Only a little shiver ran round the emerging markets after Thailand’s imposition, then partial removal, of capital controls last week.
But the chill should be salutary. For the strongest trend in emerging markets in 2006 has been investors’ continued willingness to ignore potential risks. After Thailand’s policy flip-flop, spreads on emerging market debt, according to JPMorgan’s EMBI+ index, widened a mere 2 basis points to 179bp over US Treasuries. Equities, measured by the MSCI Emerging Markets Free index, fell 2 per cent but then closed on Thursday near to record highs, having risen 26 per cent so far this year.
Investors have some reason to be relaxed. The majority of emerging markets are enjoying strong economic growth. The commodities boom has helped countries as diverse as Russia, Mexico and Indonesia to reduce debt, improve external trade positions and strengthen national balance sheets. Among the bigger markets, only Turkey, Brazil and India have general government gross debt of more than 60 per cent of gross domestic product. Next year, owing to debt buy-backs and refinancings, as well as economic expansion, the ratio of emerging debt to GDP should continue to fall.
These fundamental improvements mean that the emerging markets are better placed than at any time in the past to deal with a global growth slowdown or other external shock. A modest decline in commodity prices is unlikely to undo the progress made in creditworthiness. Sharper corrections would be more difficult to handle. Some economies have not been able to reduce their vulnerability – South Africa, Turkey and Hungary, for example, are running substantial current account deficits. Asia is particularly exposed to any slowdown in global growth and, thus, in demand for emerging market exports: average exports of goods and services exceed 50 per cent of GDP.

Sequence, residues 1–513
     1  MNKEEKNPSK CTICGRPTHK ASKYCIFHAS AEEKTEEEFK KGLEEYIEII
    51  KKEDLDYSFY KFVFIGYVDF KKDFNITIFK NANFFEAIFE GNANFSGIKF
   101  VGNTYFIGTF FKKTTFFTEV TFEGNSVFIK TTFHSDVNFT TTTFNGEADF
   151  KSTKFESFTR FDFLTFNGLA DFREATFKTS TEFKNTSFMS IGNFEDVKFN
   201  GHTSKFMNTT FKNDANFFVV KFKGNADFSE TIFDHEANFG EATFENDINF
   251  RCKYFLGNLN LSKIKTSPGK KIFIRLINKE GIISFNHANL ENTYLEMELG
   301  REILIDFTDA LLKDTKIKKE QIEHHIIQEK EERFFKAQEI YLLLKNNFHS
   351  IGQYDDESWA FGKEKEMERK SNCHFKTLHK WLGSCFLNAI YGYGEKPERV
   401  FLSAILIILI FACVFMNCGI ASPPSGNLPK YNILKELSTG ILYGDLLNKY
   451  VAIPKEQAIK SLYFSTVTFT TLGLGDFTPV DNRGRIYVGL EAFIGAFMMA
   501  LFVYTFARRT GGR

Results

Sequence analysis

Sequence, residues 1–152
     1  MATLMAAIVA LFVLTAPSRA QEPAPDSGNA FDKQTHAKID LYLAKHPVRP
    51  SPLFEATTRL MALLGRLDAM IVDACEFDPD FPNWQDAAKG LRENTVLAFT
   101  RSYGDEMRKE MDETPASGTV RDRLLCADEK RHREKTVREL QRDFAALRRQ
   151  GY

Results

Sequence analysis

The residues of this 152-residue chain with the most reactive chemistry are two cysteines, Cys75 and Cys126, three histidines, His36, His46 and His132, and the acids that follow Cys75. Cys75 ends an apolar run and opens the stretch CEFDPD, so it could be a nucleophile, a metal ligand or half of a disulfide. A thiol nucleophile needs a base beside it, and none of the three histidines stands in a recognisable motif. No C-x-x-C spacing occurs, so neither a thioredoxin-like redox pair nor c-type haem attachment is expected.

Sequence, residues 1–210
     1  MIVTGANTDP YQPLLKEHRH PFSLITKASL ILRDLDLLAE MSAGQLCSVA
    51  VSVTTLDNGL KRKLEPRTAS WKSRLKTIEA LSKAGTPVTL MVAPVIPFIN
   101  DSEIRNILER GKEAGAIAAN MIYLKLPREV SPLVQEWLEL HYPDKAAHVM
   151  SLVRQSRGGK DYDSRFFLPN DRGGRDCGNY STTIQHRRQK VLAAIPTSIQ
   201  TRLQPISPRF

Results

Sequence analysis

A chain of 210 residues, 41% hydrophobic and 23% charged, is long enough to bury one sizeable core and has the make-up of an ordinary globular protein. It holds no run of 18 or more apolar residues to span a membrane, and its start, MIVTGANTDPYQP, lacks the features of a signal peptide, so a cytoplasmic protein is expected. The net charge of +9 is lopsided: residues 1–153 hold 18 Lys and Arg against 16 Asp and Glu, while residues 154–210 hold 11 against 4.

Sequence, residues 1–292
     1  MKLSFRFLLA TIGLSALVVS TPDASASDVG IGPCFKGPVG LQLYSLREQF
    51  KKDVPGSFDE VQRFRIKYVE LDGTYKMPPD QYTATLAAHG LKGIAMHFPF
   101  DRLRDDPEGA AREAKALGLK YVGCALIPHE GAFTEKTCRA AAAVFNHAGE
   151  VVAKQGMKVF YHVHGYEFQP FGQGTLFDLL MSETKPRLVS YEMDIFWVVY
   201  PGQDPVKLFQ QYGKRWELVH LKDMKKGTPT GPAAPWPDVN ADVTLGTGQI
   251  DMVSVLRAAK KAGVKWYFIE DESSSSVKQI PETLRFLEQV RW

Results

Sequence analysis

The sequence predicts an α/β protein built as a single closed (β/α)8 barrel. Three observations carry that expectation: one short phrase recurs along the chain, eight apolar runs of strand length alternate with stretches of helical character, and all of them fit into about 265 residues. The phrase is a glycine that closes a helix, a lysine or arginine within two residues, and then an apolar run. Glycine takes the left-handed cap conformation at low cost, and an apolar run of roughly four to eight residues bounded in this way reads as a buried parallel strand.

Inevitably, stock market indices have become increasingly dominated by commodities-related companies. Credit Suisse estimates that the energy and materials sectors account for 41 per cent of this year’s emerging market earnings. Some markets are even more unbalanced – in Brazil the metals, mining, oil and gas sectors make up nearly half of market capitalisation while hydrocarbons and other commodities are more than four-fifths of Russia’s.
Flickers of concern are reflected in earnings forecasts and equity valuations. The MSCI EMF is trading at about 12 times forward earnings. This is lower than before the Asian crisis of 1997-8 and during the dotcom boom. But the discount to the MSCI World index has narrowed to 15 per cent compared with 45 per cent at the bottom of the economic cycle.
Such numbers do not suggest emerging market assets are wildly expensive. The liquidity environment certainly remains supportive. Despite a blip in May and June during the global equity sell-off, a recent surge of new money has taken net inflows into emerging market equity funds to a record high, according to Emerging Portfolio Fund Research. In the year to December 13, inflows totalled $21bn, surpassing last year’s record $20.3bn, while inflows to emerging market bond funds, at more than $6bn, also exceeded 2005 levels.
Other global trends are also helpful. Private equity will deploy the huge amount of capital it has raised in many different places. Blackstone Group, for example, which runs the world’s biggest buy-out fund, and Citigroup’s private equity arm, are in discussions with India’s government about investing $5bn in infrastructure projects. The beneficial side-effects of this kind of initiative on publicly listed companies in developing countries could be enormous.
The worry, of course, is that, as in developed markets, both private and public emerging markets investors are becoming less and less fastidious in their choices. Some of the improvement in balance sheets and external positions look permanent. But the lesson from Thailand is that it is still important to be picky.
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